"The ANC blames apartheid's legacy and, as party spokesman Keith Khoza describes it, "the reluctance of business to come to the party." But 17 years is almost a generation. The government's failure to transform South Africa from a country of black and white into a "rainbow nation," in Archbishop Desmond Tutu's phrase, means black poverty is still the key political issue. A second, related one, however, is the ANC's dramatic loss of moral authority. At 93, Mandela is still among the most admired people on earth. But his party has become synonymous with failure — and not coincidentally, arrogance, infighting and corruption. Tutu, a Nobel Peace Prize laureate and, at 80, still the nation's moral conscience, encapsulated South African political debate last year when he came out of retirement to give two speeches. In the first he asked whites to pay a wealth tax in recognition of their persistent advantage. In the second he called the ANC "worse than the apartheid government."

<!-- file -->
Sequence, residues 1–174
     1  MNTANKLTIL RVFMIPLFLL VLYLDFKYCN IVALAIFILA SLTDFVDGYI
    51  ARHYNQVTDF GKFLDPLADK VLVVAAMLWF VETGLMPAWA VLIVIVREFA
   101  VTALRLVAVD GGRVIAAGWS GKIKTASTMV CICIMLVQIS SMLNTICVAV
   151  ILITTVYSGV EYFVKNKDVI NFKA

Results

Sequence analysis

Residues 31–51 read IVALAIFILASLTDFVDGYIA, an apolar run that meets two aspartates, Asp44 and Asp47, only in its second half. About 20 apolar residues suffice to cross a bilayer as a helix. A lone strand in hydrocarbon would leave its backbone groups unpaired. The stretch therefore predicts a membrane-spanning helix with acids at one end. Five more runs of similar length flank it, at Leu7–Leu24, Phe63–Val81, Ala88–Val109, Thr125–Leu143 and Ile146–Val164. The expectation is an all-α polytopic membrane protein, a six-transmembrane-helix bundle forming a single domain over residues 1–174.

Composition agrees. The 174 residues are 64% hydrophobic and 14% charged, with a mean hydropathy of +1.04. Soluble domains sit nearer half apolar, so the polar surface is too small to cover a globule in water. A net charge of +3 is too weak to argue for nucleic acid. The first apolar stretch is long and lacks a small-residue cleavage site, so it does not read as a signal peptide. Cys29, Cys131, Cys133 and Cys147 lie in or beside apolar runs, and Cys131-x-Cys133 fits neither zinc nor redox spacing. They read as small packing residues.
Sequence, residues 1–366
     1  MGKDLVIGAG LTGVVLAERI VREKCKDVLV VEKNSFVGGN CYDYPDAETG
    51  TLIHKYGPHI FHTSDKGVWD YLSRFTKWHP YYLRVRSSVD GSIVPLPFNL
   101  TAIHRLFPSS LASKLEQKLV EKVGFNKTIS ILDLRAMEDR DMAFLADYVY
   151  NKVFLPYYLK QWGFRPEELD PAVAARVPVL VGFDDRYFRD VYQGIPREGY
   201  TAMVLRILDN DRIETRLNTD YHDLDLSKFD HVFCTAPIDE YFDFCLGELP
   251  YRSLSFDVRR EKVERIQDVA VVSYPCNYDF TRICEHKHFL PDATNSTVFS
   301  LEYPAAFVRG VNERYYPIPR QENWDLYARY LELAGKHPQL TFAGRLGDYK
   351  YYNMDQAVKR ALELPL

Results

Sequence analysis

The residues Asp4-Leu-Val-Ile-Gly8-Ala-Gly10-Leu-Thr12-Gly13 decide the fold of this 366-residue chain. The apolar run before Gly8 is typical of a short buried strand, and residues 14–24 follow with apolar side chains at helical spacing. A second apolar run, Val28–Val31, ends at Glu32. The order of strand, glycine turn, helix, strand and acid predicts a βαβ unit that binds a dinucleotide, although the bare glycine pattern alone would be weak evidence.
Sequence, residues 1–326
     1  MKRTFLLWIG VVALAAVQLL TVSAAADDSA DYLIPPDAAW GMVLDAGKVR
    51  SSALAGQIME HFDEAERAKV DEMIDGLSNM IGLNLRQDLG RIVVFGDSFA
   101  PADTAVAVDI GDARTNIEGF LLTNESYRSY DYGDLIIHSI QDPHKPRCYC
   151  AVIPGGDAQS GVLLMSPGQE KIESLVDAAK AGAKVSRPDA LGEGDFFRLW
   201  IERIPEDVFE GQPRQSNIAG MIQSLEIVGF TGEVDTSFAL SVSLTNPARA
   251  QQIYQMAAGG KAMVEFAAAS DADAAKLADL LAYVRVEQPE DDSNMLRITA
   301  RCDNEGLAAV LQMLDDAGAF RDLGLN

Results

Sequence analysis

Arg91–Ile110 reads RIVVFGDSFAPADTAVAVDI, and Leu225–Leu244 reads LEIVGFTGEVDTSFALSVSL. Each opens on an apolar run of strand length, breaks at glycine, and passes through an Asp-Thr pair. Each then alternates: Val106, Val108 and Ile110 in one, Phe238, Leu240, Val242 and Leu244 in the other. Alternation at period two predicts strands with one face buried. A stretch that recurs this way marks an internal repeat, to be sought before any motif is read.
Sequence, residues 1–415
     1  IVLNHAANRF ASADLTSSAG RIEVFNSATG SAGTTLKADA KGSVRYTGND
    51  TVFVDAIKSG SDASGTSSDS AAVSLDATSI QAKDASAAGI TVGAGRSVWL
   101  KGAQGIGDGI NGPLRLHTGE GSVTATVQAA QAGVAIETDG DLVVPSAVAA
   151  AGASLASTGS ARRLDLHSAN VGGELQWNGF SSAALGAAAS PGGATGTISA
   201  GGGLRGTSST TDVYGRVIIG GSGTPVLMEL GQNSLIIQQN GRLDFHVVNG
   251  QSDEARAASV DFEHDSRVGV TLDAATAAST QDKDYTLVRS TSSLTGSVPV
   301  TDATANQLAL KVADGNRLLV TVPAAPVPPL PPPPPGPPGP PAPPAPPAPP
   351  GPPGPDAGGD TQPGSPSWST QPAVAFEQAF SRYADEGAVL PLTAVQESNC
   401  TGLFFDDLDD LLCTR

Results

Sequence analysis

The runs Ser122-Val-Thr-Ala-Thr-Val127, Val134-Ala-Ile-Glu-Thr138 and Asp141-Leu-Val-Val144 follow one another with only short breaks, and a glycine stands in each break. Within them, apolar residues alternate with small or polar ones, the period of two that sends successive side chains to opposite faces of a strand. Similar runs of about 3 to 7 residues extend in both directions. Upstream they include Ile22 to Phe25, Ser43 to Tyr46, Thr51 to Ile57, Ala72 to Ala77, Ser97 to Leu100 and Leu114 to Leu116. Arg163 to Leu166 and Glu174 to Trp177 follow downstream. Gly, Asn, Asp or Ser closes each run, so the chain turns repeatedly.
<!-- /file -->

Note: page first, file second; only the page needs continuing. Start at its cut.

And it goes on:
I think the author speaks truth. Now, more than ever, John Pilger's documentary Apartheid Did Not Die, is valid and worth considering.
You know, when I was leaving NL on my way to my new life here in SA, my dad sent me with the words, "Remember: it took a generation to defeat white supremacy; if it'll take another one to defeat black totalitarianism, you should be ready to go for it". But that's only one half of the story. The other one is that this isn't the main struggle now. The enemy is poverty, and corruption, and the marginalization of vast chunks of society from social and economic life, and the HIV epidemic.
Old grudges and prejudices cannot be healed in such a climate. We have to address the real roots of the problem, not just fool ourselves around with doing short-term damage control of the symptoms. And that may take more than a generation. But ultimately, it's worth the effort. Because the alternative looks much bleaker.